Meatless Monday: Caramelized Fennel and Goat Cheese Tart from Plenty

February 13, 2012

Plenty by Yotom Ottolenghi is a cookbook devoted to supreme vegetarian cuisine.  Some of us have this perception that vegetarian food is bland and flavorless, consisting of salad leaves and tofu.  This book changes all of that.  Ottolenghi prepares exceptional cuisine that places vegetables at the center of the plate.  The book is divided by  vegetables so that the cook can prepare these dishes according to the seasons.  You will find recipes for root vegetables, onions, mushrooms, squash, peppers, eggplant, brassicas, tomatoes and more.  Some of the dishes like herb stuffed tomatoes, smoky frittata, and grilled zucchini salad are familiar and comforting while others such as the eggplant with buttermilk sauce, surprise tartin with potatoes, or purple sprouting broccoli with rice noodles excite the senses and awaken the adventurous eater within.  Whether you are a vegetarian or a devoted Meatless Mondayer- Plenty is a must-have on the bookshelf.

 

Caramelized fennel with goat cheese

Goat's curd, a light cheese made from goat’s milk, is known for its soft and creamy, yet not terribly unctuous, texture and for its wonderful freshness. It’s hard to get, though. You'll want to ask around at your local farmers' market or a good cheese shop.

Still, there is no need to get despondent if you can’t find it. There is an abundance of young and fresh goat cheeses that will do the trick equally well. My favorite is Caprini freschi, from Piedmont in Italy.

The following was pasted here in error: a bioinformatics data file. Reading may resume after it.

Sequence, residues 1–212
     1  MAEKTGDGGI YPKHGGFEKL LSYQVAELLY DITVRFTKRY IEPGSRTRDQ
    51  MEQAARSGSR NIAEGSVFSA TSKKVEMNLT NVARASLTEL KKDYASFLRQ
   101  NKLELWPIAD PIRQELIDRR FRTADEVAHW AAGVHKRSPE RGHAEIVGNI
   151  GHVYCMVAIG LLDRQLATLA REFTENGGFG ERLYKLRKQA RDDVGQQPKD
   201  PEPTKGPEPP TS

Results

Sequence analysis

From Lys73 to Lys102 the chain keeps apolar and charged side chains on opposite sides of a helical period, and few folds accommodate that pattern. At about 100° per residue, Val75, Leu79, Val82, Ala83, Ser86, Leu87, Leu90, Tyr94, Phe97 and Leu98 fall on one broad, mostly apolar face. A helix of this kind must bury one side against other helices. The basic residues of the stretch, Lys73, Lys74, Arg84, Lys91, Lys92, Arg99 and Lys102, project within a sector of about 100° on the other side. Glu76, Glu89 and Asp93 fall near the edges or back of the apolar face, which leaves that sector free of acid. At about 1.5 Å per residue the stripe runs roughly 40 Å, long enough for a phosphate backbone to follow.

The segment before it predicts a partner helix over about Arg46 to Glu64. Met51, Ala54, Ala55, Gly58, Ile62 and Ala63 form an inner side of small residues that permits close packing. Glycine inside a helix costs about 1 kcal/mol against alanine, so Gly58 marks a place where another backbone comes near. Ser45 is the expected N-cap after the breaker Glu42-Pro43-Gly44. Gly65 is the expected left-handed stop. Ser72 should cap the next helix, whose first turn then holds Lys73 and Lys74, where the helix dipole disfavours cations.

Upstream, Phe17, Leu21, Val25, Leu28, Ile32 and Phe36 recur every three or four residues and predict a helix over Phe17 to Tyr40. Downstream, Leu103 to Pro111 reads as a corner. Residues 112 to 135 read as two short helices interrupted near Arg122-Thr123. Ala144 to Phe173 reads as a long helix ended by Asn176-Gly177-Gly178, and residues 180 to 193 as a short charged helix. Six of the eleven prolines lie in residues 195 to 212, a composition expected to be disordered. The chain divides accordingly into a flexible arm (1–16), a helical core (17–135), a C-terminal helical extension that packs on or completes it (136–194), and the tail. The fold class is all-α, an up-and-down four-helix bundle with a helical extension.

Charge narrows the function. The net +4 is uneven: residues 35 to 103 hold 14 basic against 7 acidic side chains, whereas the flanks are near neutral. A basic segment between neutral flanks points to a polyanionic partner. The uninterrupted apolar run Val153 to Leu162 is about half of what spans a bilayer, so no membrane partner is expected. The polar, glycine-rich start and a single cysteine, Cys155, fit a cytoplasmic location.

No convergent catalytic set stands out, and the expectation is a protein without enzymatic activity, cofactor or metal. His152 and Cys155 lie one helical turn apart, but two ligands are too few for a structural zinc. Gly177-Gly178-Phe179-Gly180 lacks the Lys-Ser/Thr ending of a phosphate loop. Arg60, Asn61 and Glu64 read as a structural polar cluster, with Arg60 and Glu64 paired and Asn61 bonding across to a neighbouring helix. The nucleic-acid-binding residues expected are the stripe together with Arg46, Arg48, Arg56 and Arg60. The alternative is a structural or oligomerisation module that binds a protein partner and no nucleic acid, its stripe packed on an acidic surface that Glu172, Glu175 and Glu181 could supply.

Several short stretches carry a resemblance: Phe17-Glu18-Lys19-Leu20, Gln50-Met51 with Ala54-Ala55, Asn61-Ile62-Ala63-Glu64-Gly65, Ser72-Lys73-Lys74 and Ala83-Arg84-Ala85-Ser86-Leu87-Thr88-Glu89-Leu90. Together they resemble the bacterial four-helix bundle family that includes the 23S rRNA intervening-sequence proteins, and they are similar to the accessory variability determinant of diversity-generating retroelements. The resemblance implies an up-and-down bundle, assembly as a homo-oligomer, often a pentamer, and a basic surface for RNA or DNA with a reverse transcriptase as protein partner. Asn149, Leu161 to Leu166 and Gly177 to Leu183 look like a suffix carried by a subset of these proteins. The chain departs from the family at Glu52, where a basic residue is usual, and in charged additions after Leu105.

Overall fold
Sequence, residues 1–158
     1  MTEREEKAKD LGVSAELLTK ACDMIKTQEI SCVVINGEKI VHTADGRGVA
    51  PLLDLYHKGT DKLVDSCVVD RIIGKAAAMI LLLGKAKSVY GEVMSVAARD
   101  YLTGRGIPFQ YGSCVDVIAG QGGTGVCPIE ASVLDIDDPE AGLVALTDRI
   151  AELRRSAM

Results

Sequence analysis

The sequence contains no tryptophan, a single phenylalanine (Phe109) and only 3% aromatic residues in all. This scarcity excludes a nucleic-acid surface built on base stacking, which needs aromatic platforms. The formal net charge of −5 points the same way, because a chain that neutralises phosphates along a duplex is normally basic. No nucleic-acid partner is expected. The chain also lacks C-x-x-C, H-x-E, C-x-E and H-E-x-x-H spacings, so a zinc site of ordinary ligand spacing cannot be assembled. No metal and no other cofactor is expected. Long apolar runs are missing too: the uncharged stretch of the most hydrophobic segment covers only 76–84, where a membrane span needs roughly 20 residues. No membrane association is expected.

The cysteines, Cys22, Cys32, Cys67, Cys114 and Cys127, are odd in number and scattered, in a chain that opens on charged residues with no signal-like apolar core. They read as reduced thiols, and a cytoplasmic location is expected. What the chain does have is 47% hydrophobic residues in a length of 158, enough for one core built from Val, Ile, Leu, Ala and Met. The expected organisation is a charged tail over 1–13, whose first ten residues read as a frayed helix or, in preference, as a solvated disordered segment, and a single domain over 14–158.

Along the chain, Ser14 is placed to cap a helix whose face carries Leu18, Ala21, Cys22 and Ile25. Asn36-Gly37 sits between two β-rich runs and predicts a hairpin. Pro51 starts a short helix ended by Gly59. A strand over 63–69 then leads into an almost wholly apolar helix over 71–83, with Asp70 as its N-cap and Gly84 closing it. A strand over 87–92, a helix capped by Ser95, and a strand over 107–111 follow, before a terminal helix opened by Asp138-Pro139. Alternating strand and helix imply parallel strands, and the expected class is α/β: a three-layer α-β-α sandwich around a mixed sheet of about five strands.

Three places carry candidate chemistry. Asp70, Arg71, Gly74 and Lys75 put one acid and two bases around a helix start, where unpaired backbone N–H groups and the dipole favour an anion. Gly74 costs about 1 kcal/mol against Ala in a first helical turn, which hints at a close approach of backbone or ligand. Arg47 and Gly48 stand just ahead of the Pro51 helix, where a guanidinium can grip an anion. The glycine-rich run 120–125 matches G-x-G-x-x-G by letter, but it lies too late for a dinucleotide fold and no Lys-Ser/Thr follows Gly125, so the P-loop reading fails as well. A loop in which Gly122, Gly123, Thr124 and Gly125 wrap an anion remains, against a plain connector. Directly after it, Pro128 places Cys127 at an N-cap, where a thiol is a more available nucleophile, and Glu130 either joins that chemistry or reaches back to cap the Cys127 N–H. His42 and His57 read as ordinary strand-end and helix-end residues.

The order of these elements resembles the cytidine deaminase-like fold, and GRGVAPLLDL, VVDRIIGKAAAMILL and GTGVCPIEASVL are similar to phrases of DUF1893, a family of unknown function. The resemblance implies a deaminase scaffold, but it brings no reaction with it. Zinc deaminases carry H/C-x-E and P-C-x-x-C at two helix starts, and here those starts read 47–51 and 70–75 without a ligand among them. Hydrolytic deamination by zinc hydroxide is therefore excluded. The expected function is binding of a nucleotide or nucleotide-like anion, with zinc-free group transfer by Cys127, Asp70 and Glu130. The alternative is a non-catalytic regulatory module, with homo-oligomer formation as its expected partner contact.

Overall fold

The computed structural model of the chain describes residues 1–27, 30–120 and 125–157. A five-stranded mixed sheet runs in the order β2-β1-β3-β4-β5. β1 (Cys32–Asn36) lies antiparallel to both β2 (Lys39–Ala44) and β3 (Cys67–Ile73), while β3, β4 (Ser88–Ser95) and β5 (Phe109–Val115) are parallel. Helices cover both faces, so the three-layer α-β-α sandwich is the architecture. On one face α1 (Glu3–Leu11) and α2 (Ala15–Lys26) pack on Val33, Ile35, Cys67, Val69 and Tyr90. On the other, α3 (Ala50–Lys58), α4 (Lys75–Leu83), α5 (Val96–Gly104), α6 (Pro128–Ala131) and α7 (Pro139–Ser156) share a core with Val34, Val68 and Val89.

Serves 4

4 small fennel bulbs
3½ tbsp unsalted butter
3 tbsp olive oil, plus extra to finish
2 tbsp sugar
1 tsp fennel seeds
coarse sea salt and black pepper
1 garlic clove, crushed
¾ cup roughly chopped dill (leaves and stalks)
5 oz young and creamy goat cheese
grated zest of 1 lemon

Start by preparing the fennel bulbs. First take off the leafy fronds and keep them for the garnish. Then slice off some of the root part and remove any tough or brown outer layers, making sure the base still holds everything together. Cut each bulb lengthways into ½-inch-thick slices.

Melt half the butter with half the oil in a large frying pan placed over high heat. When the butter starts to foam add a layer of sliced fennel. Do not overcrowd the pan and don’t turn the fennel over or stir it around in the pan until one side has become light golden, which will take about 2 minutes. Then turn the slices over using tongs and cook for a further 1 to 2 minutes. Remove from the pan. Continue with the rest of the fennel, using up the remaining butter and oil.

Once all the fennel has been seared, add the sugar, fennel seeds and plenty of salt and pepper to the pan. Fry for 30 seconds, then return all the fennel slices to the pan and caramelize them gently for 1 to 2 minutes (they need to remain firm inside so just allow them to be coated in the melting sugar and seeds). Remove the fennel from the pan and leave to cool down on a plate.

To serve, toss the fennel in a bowl with the garlic and dill. Taste and adjust the seasoning. Arrange on a serving plate and dot with spoonfuls of goat cheese. Finish with a drizzle of oil and a scattering of lemon zest. Garnish with the fennel fronds. Serve at room temperature.

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